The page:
The conjunction ďforĒ indicates that our author is now explaining more fully what he has just said concerning the purpose of the incarnation of the Son, namely, that by the grace of God he might taste death for every one. The purpose of this and the following verses is to show how fitting this method of salvation is. The fittingness of the divine action in Christ is suggested, to begin with, by the manner in which God is designated here as he for whom and by whom all things exist. This designation describes God as both the efficient cause (by whom) and the final cause (for whom) of all things: all creation flows from God and all creation flows to God. The incarnation and death of Christ were fitting as the effective means to the achievement of the Creatorís grand design, namely, the restoration of all things. The humiliation and death of Christ are fitting because this was the effective means of bringing many sons to glory. The redeemed are described as sons, not in their own right, but by virtue of their union with Him who is the only Son and with whom alone God is well pleased. It is fitting that our Redeemer should have been made perfect through suffering: first, because His completely victorious suffering of temptation of every kind (4:15) was essential to his achievement of that perfection which qualified Him to offer Himself on the cross as the spotless Lamb of God in the place of sinners (1 Pet. 1:17-19); second, because His suffering and death at Calvary annulled the power of Satan and set free the many sons who were destined for glory (2:14-15); third, because His own experience of human suffering in the body He assumed has enabled Him as a compassionate high priest to aid and strengthen at all times those who are afflicted with trials and temptations (2:17-18). The word for author signifies one who is both the source or initiator and the leader, one who first takes action and then brings those on whose behalf he has acted to the intended goal. The bringing of the many sons to glory is more than assured, it is to all intents and purposes a reality now because of their union with Him who is crowned with glory and honor. The glory that is now His is the glory also of those who are one with Him through faith.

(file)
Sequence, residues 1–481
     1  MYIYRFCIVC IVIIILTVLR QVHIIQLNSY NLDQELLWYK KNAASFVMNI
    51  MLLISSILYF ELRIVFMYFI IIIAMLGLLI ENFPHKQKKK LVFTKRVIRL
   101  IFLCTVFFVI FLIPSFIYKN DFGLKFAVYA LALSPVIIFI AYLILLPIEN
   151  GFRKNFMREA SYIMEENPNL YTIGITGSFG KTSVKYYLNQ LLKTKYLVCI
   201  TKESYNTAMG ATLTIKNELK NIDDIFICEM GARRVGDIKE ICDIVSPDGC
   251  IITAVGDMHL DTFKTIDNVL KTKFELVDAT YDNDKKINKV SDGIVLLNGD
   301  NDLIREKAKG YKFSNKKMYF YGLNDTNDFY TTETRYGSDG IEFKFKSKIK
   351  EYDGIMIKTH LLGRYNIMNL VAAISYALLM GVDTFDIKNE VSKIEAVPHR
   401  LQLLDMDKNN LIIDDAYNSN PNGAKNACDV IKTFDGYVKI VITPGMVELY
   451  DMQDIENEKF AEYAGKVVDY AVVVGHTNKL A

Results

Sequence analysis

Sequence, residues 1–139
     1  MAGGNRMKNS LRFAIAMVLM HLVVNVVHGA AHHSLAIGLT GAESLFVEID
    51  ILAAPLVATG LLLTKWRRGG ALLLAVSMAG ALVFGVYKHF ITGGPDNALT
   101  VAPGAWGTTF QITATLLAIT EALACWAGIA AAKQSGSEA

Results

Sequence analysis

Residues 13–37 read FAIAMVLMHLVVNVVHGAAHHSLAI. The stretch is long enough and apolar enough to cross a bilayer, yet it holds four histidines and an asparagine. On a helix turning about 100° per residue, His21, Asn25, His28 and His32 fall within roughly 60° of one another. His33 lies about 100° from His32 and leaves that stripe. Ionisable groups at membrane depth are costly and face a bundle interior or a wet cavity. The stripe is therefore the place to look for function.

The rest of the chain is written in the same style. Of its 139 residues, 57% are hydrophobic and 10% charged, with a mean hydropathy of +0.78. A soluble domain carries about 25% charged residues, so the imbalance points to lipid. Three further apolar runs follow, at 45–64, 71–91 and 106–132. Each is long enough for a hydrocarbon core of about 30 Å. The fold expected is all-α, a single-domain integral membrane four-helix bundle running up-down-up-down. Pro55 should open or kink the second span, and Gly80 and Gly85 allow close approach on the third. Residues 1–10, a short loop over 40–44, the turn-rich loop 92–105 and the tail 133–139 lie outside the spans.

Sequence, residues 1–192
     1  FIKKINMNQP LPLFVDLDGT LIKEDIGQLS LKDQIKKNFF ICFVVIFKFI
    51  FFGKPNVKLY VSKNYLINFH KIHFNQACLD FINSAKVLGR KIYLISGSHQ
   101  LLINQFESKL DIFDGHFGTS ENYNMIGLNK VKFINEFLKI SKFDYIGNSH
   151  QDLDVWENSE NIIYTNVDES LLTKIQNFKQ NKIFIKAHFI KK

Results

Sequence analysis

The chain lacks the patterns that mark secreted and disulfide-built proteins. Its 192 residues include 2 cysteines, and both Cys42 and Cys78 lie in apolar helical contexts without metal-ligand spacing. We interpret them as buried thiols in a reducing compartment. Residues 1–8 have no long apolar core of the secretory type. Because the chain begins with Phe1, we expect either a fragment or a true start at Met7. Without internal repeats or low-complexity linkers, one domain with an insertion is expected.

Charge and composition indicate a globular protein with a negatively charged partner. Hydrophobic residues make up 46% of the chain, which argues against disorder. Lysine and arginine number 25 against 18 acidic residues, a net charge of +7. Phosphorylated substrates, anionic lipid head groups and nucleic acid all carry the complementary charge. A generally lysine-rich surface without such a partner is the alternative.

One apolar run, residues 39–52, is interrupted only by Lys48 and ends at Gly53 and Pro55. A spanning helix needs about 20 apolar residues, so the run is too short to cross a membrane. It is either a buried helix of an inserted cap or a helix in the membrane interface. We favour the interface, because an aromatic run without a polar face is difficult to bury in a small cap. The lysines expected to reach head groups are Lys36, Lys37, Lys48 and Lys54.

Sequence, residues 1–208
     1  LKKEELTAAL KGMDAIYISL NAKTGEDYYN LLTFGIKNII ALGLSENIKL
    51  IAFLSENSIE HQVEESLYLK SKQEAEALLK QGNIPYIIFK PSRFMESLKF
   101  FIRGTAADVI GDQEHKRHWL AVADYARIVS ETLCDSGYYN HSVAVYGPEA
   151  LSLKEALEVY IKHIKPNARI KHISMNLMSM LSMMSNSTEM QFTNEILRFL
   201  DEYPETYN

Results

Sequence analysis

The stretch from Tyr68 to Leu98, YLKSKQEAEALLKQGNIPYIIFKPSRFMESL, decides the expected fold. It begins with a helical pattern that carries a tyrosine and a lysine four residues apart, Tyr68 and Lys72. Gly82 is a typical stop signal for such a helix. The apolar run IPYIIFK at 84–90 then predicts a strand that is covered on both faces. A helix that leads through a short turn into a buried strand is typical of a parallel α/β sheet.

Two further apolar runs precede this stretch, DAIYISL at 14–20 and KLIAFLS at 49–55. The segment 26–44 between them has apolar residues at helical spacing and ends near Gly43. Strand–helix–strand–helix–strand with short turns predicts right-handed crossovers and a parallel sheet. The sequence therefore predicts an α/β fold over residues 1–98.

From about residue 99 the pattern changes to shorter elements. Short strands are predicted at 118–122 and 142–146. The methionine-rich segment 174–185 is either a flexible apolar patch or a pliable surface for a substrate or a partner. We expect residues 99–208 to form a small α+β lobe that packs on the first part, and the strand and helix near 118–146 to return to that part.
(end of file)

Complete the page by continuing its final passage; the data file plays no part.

This verse is both a recapitulation and a development of what has gone before. The conjunction therefore makes it clear that there is a logical link with the preceding argument. The noun children is resumed from the text just quoted from Isaiah. The necessity and purpose of the incarnation are now defined with more preciseness than before. The genuineness of Christís humanity is now affirmed in the most unequivocal terms: flesh and blood, a common synonym for human nature. Moreover, that the incarnation was the divine Sonís free act on our behalf is indicated by the tenses of the two verbs share and partook. The first, a perfect, describes the constant human situation: all men and women, of every generation, have this in common that their nature is flesh and blood; whereas the second, an aorist, points to the historical event, unique in itself, of the incarnation when the Son of God assumed this same human nature and thus Himself became truly man and accordingly truly one with mankind. This assertion of the common humanity by which Christ is linked to us and we to Him is followed by a statement of the primary purpose of the incarnation, namely, that through death he might destroy him who has the power of death, that is, the devil. The power of death is held by the devil only in a secondary and not in an ultimate sense. God is still supreme in his sovereignty. The necessity of Christís death on the cross is bound up with the demands of the moral structure of Godís world. In Christ, the Son of Man and only law-keeper, dying in the place of man the guilty law-breaker, the justice and the love of God prevail together. Thus the death of Christ for us was the defeat of the devil; but it is not the end of the story, for it was followed by His resurrection, ascension, and crowning with glory and honor. This is the great vindication of Christís saving work, the assurance of its perfection and its acceptance by God, as well as its eternal efficacy for man.